New Times picks the best arts and culture events in metro Phoenix from March 7 through 11.
"Hierogliffic and Other Stories"
Turner G. Davis’ “Hierogliffic and Other Stories” borrows from history in form and inspiration. The noted fine artist put pencil and pen to paper daily, creating images reminiscent of cave wall storytelling and fantasy: the end result equally autobiographical and universal.
Davis never outgrew a childhood love of drawing: from copying pieces seen on museum trips to watching his father, James. G. Davis. Today he’s recognized for shows at the Roosevelt Row gallery Eye Lounge and teaching drawing and painting at Arizona State University.
The final day to see the temporary installation is Monday, March 7, from 10 a.m. to 7 p.m. at the Gallery at Appaloosa Library, 7377 East Silverstone Drive in Scottsdale. Admission is free. For library details, call 480-312-7323 or visit www.scottsdalepublicart.org for exhibition information. Janessa Hilliard
If the only two things you know about the musical Evita are the song “Don’t Cry for me Argentina,” and that Madonna starred in a movie version in 1996, now’s your chance to see the entire production.
This emotionally-charged musical written by Tim Rice and scored by Andrew Lloyd Webber tells the story of Eva Peron, the First Lady of Argentina from 1946 to 1952 who fought for women’s suffrage and to improve the lives of the poor. She founded the Female Peronist Party, the country’s first female political party. You can cry for her, Phoenix, or not, when the show starts at 7:30 p.m. on Tuesday, March 8, at Phoenix Theatre, 100 East McDowell Road. Tickets are $56 to $86. Call 602-254-2151 or visit www.phoenixtheatre.com. Amy Young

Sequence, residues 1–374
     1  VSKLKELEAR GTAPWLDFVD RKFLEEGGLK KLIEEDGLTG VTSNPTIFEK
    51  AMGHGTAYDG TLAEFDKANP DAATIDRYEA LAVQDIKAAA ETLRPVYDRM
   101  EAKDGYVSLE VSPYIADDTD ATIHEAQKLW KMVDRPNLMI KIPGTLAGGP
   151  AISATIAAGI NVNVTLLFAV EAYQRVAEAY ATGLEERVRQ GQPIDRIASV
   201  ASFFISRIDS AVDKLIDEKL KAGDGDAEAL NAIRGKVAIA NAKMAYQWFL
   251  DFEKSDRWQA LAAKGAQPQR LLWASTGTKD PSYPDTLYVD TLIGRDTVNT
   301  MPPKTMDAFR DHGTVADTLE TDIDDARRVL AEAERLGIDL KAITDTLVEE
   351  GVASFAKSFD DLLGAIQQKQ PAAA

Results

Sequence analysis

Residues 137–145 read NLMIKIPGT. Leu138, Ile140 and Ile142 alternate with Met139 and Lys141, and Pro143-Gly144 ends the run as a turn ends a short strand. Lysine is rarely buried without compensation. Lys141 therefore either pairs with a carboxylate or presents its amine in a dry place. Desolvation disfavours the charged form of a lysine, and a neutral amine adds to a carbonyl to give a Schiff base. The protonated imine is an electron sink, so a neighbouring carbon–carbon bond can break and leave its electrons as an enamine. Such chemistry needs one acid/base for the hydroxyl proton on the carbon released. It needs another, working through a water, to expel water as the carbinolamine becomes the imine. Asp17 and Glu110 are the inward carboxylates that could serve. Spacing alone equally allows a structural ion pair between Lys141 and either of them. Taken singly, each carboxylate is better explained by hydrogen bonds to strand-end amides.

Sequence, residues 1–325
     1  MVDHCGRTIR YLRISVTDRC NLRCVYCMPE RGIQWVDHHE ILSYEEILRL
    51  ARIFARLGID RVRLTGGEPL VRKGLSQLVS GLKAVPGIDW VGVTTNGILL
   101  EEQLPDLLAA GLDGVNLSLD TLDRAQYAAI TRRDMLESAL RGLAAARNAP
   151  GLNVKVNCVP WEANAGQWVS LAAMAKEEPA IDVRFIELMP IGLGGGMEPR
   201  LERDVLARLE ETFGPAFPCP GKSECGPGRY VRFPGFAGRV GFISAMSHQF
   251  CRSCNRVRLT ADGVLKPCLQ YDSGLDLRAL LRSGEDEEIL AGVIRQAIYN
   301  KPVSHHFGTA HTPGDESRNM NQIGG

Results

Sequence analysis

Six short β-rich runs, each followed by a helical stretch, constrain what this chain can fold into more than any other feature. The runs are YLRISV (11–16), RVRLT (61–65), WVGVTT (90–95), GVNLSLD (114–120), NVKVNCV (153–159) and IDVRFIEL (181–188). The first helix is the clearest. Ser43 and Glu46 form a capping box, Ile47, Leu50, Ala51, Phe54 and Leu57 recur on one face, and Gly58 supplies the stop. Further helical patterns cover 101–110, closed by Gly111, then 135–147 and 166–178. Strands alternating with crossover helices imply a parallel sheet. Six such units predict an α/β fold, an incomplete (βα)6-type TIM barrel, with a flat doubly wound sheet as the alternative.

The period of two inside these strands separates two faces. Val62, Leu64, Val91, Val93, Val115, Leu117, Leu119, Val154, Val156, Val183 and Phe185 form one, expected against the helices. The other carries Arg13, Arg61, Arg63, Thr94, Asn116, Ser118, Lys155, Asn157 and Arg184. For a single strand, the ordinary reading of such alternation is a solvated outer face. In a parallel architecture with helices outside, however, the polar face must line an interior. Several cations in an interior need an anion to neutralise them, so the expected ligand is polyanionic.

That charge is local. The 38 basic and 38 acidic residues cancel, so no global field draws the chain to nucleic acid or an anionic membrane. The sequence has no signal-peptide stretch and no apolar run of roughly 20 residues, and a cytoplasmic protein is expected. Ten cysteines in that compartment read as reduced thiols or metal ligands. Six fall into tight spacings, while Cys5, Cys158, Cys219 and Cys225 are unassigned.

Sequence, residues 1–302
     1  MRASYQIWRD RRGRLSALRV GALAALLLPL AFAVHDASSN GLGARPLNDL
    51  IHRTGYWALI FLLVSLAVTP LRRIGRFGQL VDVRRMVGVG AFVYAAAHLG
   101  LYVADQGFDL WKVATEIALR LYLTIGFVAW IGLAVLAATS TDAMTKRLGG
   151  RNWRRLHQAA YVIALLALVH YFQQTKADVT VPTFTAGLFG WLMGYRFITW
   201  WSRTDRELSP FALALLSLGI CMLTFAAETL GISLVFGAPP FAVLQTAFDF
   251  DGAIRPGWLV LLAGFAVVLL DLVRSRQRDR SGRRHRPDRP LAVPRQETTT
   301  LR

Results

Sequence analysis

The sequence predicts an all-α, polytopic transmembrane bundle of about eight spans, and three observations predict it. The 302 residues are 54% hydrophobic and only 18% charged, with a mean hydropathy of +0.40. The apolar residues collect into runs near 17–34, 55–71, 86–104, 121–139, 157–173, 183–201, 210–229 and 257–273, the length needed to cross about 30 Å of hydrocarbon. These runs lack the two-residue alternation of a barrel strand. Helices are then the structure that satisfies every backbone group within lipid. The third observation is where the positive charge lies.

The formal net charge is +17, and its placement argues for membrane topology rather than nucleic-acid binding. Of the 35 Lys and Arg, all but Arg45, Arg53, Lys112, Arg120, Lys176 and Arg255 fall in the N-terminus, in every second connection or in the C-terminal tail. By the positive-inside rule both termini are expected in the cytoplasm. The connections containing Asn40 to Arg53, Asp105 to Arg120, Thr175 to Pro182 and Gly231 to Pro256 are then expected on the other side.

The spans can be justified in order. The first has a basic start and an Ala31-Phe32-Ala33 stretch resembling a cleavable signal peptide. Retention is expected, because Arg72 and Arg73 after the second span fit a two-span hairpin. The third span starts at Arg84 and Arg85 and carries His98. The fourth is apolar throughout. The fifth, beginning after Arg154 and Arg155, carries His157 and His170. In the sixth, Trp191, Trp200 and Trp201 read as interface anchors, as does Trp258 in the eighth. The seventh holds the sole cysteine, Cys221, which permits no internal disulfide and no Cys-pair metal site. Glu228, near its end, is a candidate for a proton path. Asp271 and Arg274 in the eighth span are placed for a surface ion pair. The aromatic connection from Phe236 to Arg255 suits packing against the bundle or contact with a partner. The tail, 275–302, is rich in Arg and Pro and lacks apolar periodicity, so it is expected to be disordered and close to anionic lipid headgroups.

Badgley Mischka Luncheon & Lecture
For 50 years, the Arizona Costume Institute has supported Phoenix Art Museum’s fashion design collection. And this year, they’re pulling out all the stops. Not least of which involves bringing a powerhouse design duo to the museum for a lecture, luncheon and book-signing on Wednesday, March 9.
Straight from your Pinterest wedding dress fantasies, Mark Badgley and James Mischka will discuss their distinct take on American glamour at Phoenix Art Museum, 1625 North Central Avenue. After all, they wrote the book on it. (For real, it’s called American Glamour.)
The 11:30 a.m. ticketed luncheon is $33. The lecture follows at 12:30 p.m. is free with museum admission, $15 for adults. The duo will sign books afterward. For more information, see www.arizonacostumeinstitute.org or call 602-257-1880. Becky Bartkowski
Things can get a little cramped at downtown’s favorite basement bar. While anyone who’s been to a packed show worth its salt knows that’s a good problem to have, we’re trying something new for our Bar Flies storytelling series at Valley Bar: back-to-back shows.